Gun Violence

It is difficult for me to post this because I know I am going to offend many people. This is how most Canadians think, Liberal and Conservative Canadians. Not all Canadians though.

cbc.ca/news/world/the-public-health-crisis-that-is-america-s-gun-culture-1.2611483?cmp=googleeditorspick&google_editors_picks=true

A small minority of USAnians think the same way, believe it or not.

ICXC NIKA

It is pretty simple for Canadian writers (or anyone for that matter) to be critical of FREEDOMS granted to American Citizens.

I find it very amusing to emphasize gun violence as a “health crisis”.

While guns are inanimate objects…they are designed to kill…but…automobiles kill more people. They are designed to be safe and their manufacture and operation is strongly regulated by governments. Why are automobiles NOT considered a more serious “health crisis” than guns???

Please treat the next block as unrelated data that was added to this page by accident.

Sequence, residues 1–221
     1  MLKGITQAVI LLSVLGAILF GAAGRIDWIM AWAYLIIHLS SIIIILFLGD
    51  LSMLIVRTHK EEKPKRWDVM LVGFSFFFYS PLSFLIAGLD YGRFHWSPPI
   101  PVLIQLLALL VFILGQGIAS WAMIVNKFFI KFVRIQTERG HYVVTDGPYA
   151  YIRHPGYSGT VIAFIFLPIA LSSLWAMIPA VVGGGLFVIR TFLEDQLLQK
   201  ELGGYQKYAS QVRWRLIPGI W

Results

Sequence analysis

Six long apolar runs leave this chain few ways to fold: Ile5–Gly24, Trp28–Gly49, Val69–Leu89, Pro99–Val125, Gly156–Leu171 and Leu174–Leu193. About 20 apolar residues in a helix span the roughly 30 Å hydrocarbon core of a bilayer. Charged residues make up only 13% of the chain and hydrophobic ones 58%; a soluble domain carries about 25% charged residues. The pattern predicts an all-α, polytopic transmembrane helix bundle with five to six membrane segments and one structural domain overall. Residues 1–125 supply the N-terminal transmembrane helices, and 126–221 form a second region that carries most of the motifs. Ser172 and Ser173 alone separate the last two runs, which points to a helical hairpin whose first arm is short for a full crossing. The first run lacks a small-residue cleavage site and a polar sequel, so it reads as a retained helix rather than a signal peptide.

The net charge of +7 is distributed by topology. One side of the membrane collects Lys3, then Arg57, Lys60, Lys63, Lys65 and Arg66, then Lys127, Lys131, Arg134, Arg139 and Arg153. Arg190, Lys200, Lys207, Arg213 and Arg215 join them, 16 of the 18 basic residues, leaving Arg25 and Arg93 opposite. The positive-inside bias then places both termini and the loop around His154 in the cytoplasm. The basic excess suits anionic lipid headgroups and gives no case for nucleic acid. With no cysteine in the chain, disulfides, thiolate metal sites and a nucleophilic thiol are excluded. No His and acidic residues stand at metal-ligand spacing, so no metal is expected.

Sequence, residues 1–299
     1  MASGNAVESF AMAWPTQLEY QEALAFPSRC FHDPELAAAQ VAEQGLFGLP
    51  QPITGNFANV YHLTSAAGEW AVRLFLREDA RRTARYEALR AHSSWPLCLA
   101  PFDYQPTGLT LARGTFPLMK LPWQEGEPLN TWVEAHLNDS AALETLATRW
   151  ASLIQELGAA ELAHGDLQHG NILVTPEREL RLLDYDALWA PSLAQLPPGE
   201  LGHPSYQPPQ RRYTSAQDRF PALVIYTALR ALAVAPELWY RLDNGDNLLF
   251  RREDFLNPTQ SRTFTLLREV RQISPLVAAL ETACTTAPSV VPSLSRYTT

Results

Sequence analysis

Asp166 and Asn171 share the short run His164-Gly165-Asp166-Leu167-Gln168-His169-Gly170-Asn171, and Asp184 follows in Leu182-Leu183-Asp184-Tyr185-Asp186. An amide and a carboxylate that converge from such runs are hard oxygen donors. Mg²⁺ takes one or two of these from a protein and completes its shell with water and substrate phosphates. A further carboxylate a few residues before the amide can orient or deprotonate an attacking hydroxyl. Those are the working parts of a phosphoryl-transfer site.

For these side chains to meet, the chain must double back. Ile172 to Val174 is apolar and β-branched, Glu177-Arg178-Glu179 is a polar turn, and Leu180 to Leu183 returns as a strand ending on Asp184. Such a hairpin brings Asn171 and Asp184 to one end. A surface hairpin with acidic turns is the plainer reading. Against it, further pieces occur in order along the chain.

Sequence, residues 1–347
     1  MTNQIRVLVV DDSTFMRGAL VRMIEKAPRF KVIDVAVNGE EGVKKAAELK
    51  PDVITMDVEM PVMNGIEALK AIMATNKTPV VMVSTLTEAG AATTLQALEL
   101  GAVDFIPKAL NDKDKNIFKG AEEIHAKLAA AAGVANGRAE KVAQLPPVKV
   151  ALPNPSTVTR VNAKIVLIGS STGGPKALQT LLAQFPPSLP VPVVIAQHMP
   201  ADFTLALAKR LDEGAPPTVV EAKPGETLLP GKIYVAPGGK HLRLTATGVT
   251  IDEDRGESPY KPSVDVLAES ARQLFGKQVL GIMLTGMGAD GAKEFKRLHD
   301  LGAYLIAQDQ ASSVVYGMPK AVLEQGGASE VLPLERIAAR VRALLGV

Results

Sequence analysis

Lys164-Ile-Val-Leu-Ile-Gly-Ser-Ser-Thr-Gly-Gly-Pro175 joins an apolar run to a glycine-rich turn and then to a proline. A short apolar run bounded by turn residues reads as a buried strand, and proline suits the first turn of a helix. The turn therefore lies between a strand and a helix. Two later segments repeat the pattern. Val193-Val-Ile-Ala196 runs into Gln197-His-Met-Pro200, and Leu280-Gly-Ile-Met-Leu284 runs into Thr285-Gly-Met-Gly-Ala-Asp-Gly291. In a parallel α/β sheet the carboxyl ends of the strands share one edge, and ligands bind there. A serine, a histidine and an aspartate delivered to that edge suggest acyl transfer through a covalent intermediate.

I consider our neighbor to “the frozen north” to be rather progressive regarding gun control.

I remember, recently, that Canada repealed its expensive and failed rifle and shotgun registration program. Bravo for Canadians.

The amusing thing is that California has begun the exact same program for the same absurd reasons. I wonder how long and how many $$$ it will take California to wake up.

On about the same date the lunatic shot three people at the Jewish Community Center in the US a student at a party in Canada stabbed to death several other young people at a party.

It seems obvious that any sane person should see knives should be illegal everywhere.